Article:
Uncovering treatment burden as a key concept for stroke care: a systematic review of qualitative research

Gallacher, K. et al. (2013) Uncovering treatment burden as a key concept for stroke care: a systematic review of qualitative research. PLoS Medicine, 10(6), e1001473. (doi:10.1371/journal.pmed.1001473)

[img]
Preview
Text
81532.pdf - Published Version
Available under License Creative Commons Attribution.

609kB

Abstract

<b>Background</b> Patients with chronic disease may experience complicated management plans requiring significant personal investment. This has been termed ‘treatment burden’ and has been associated with unfavourable outcomes. The aim of this systematic review is to examine the qualitative literature on treatment burden in stroke from the patient perspective.<p></p> <b>Methods and findings</b> The search strategy centred on: stroke, treatment burden, patient experience, and qualitative methods. We searched: Scopus, CINAHL, Embase, Medline, and PsycINFO. We tracked references, footnotes, and citations. Restrictions included: English language, date of publication January 2000 until February 2013. Two reviewers independently carried out the following: paper screening, data extraction, and data analysis. Data were analysed using framework synthesis, as informed by Normalization Process Theory. Sixty-nine papers were included. Treatment burden includes: (1) making sense of stroke management and planning care, (2) interacting with others, (3) enacting management strategies, and (4) reflecting on management. Health care is fragmented, with poor communication between patient and health care providers. Patients report inadequate information provision. Inpatient care is unsatisfactory, with a perceived lack of empathy from professionals and a shortage of stimulating activities on the ward. Discharge services are poorly coordinated, and accessing health and social care in the community is difficult. The study has potential limitations because it was restricted to studies published in English only and data from low-income countries were scarce.<p></p> <b>Conclusions</b> Stroke management is extremely demanding for patients, and treatment burden is influenced by micro and macro organisation of health services. Knowledge deficits mean patients are ill equipped to organise their care and develop coping strategies, making adherence less likely. There is a need to transform the approach to care provision so that services are configured to prioritise patient needs rather than those of health care systems.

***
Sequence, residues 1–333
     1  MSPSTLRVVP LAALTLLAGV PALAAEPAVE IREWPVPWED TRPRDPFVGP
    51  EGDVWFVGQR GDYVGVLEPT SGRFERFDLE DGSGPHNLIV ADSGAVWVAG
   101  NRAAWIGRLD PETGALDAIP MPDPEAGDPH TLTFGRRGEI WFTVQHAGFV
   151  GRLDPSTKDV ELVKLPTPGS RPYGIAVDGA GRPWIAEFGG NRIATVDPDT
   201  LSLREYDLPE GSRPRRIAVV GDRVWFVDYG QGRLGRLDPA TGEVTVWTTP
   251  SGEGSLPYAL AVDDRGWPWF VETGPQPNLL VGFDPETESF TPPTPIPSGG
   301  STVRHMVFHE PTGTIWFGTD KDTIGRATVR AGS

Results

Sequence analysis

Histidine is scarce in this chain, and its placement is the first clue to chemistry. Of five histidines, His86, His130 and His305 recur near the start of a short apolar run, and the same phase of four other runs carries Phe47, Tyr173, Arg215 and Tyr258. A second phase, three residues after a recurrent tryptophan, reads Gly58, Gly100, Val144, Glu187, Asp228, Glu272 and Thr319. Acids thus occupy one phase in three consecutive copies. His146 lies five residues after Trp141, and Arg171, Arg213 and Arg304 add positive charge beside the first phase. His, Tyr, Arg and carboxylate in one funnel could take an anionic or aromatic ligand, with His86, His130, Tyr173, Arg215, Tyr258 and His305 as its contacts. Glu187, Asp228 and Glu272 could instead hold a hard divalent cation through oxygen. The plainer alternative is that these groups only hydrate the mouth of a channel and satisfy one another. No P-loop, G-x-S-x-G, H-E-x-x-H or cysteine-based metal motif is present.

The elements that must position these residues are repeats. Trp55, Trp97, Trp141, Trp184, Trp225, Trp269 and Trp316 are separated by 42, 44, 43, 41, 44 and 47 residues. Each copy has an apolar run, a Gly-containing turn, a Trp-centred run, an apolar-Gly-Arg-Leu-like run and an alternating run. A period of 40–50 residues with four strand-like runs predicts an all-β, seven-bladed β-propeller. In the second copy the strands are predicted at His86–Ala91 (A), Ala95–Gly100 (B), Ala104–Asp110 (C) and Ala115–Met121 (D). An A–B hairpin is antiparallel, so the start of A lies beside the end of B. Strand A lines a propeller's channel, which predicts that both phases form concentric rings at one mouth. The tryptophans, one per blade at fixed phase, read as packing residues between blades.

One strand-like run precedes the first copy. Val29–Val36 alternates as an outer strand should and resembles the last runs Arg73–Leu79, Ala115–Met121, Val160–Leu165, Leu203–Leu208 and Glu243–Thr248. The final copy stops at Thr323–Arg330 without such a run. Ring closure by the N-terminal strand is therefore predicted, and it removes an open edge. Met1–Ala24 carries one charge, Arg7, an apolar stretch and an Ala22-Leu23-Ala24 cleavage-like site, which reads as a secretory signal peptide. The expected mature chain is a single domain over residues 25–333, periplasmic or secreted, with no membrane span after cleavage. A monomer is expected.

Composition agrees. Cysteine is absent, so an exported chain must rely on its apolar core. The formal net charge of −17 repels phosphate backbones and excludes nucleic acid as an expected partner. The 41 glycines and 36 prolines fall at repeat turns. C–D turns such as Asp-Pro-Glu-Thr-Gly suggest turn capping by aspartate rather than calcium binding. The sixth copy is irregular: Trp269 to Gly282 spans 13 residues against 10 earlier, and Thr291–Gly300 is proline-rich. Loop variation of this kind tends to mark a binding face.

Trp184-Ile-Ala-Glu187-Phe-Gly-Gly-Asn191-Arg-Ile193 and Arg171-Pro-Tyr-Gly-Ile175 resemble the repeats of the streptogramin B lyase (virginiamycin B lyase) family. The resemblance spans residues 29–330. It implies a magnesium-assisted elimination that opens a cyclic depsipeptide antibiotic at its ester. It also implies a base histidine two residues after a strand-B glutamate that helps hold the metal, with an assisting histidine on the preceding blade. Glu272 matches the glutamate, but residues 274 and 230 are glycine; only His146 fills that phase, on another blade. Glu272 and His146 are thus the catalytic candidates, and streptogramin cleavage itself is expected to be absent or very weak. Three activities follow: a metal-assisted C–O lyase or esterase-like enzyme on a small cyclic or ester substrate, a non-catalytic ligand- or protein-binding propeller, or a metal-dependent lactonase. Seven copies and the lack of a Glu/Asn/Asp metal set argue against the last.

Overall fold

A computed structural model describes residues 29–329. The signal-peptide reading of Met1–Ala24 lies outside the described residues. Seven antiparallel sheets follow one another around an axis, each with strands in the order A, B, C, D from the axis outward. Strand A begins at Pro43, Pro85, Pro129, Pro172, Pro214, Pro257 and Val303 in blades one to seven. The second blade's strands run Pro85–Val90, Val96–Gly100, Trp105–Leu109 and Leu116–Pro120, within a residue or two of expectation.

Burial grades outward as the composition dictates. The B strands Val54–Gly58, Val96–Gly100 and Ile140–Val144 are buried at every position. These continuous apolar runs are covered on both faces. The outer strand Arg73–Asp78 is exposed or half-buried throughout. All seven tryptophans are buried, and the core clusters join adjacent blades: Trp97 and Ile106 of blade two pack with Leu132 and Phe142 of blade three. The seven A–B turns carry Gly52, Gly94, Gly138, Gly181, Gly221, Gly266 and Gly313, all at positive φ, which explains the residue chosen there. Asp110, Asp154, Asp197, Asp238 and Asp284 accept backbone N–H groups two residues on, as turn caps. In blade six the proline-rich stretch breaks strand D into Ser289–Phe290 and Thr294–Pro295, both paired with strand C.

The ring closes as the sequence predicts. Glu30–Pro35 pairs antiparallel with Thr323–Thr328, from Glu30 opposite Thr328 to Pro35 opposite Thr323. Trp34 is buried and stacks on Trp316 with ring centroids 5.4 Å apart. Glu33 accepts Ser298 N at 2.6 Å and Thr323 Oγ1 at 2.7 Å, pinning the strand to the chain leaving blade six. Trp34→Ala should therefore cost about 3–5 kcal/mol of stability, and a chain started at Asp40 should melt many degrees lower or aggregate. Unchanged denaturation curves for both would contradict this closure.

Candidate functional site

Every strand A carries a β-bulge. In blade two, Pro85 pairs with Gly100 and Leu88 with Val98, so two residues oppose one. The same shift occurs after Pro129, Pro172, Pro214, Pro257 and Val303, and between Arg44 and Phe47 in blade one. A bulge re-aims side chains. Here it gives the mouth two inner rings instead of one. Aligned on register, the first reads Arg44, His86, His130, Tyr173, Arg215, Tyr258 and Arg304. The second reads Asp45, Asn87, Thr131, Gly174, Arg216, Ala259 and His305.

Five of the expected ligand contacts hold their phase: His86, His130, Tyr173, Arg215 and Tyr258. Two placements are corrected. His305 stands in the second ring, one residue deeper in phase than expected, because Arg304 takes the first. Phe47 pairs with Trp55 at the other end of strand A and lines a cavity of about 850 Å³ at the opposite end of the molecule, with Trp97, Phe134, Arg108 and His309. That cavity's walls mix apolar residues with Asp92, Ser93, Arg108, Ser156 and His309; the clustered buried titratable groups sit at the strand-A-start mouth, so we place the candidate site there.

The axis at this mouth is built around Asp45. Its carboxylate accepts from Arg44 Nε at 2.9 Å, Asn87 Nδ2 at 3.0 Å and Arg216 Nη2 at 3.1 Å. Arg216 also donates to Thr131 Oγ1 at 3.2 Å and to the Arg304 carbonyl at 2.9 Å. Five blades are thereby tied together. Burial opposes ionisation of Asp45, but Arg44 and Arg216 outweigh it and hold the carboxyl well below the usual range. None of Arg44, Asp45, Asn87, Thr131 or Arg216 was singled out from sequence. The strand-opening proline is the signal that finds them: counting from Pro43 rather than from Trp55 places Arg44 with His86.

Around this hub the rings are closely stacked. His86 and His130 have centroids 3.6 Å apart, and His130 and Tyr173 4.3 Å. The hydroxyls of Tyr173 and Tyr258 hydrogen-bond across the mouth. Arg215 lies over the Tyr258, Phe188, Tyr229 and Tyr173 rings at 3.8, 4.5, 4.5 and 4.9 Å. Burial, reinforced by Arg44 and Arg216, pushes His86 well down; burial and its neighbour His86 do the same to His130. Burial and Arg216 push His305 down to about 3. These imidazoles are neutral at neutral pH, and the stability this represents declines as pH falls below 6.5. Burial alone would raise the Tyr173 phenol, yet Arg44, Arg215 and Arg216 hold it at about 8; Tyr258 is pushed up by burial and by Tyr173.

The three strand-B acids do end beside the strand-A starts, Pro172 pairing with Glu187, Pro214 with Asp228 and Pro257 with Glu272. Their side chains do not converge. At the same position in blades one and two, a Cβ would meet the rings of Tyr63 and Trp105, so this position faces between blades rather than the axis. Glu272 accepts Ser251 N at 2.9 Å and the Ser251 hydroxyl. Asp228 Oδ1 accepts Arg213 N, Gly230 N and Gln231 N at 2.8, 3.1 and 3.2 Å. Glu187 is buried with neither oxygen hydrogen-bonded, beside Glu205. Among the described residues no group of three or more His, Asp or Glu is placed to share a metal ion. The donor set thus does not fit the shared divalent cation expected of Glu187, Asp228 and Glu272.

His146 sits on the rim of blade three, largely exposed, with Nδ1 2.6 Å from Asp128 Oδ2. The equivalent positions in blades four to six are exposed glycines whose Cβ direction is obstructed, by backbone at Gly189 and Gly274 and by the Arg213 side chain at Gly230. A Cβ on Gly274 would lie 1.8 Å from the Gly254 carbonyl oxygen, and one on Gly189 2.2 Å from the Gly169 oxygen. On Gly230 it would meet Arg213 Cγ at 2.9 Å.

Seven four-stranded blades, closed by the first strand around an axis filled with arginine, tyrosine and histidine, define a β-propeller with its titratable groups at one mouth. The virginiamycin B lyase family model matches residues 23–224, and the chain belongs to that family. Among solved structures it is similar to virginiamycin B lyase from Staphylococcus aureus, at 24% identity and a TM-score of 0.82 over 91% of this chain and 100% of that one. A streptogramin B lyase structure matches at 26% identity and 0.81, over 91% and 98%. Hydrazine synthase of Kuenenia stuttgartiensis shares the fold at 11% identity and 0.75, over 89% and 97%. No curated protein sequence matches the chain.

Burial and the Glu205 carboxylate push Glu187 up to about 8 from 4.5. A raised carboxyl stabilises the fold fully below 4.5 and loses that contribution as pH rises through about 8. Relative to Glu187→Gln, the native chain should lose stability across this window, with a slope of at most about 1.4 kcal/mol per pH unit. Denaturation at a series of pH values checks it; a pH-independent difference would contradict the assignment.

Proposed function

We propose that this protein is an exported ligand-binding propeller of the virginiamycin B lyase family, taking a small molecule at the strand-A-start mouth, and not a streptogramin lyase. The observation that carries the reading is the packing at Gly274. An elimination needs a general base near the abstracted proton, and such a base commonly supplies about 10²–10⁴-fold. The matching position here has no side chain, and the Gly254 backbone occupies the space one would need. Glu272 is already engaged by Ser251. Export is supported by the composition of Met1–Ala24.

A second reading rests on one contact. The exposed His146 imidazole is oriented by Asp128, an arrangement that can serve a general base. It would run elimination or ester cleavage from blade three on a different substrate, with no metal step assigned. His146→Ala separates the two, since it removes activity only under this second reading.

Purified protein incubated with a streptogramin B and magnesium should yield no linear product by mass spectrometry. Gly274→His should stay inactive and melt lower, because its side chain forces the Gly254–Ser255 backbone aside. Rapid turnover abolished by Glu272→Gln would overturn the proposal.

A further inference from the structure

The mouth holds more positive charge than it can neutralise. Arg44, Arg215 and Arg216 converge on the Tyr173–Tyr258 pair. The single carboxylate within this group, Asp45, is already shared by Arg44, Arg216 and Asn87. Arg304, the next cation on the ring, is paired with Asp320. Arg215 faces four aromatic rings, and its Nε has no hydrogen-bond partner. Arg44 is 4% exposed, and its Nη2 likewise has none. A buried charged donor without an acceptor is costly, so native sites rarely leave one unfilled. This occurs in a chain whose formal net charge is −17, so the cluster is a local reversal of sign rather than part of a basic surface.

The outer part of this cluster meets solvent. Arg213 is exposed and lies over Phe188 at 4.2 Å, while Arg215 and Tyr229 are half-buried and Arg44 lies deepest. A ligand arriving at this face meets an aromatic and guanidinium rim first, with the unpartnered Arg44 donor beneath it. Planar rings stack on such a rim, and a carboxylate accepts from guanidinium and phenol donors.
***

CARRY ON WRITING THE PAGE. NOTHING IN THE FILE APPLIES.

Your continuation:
Item Type:Articles
Status:Published
Refereed:Yes
Glasgow Author(s) Enlighten ID:Batty, Dr G and Jani, Dr Bhautesh and Gallacher, Dr Katie and Morrison, Dr Deborah and Mair, Professor Frances and Langhorne, Professor Peter and Macdonald, Dr Sara
Authors: Gallacher, K., Morrison, D., Jani, B., Macdonald, S., May, C.R., Montori, V.M., Erwin, P.J., Batty, G.D., Eton, D.T., Langhorne, P., and Mair, F.S.
College/School:College of Medical Veterinary and Life Sciences > Institute of Health and Wellbeing > General Practice and Primary Care
College of Medical Veterinary and Life Sciences > Institute of Cardiovascular and Medical Sciences
College of Medical Veterinary and Life Sciences > Institute of Health and Wellbeing > Public Health
Journal Name:PLoS Medicine
Publisher:Public Library of Science
ISSN:1549-1277
ISSN (Online):1549-1676
Copyright Holders:Copyright © 2013 The Authors
First Published:First published in PLoS Medicine 10(6):e1001473
Publisher Policy:Reproduced under a Creative Commons License

University Staff: Request a correction | Enlighten Editors: Update this record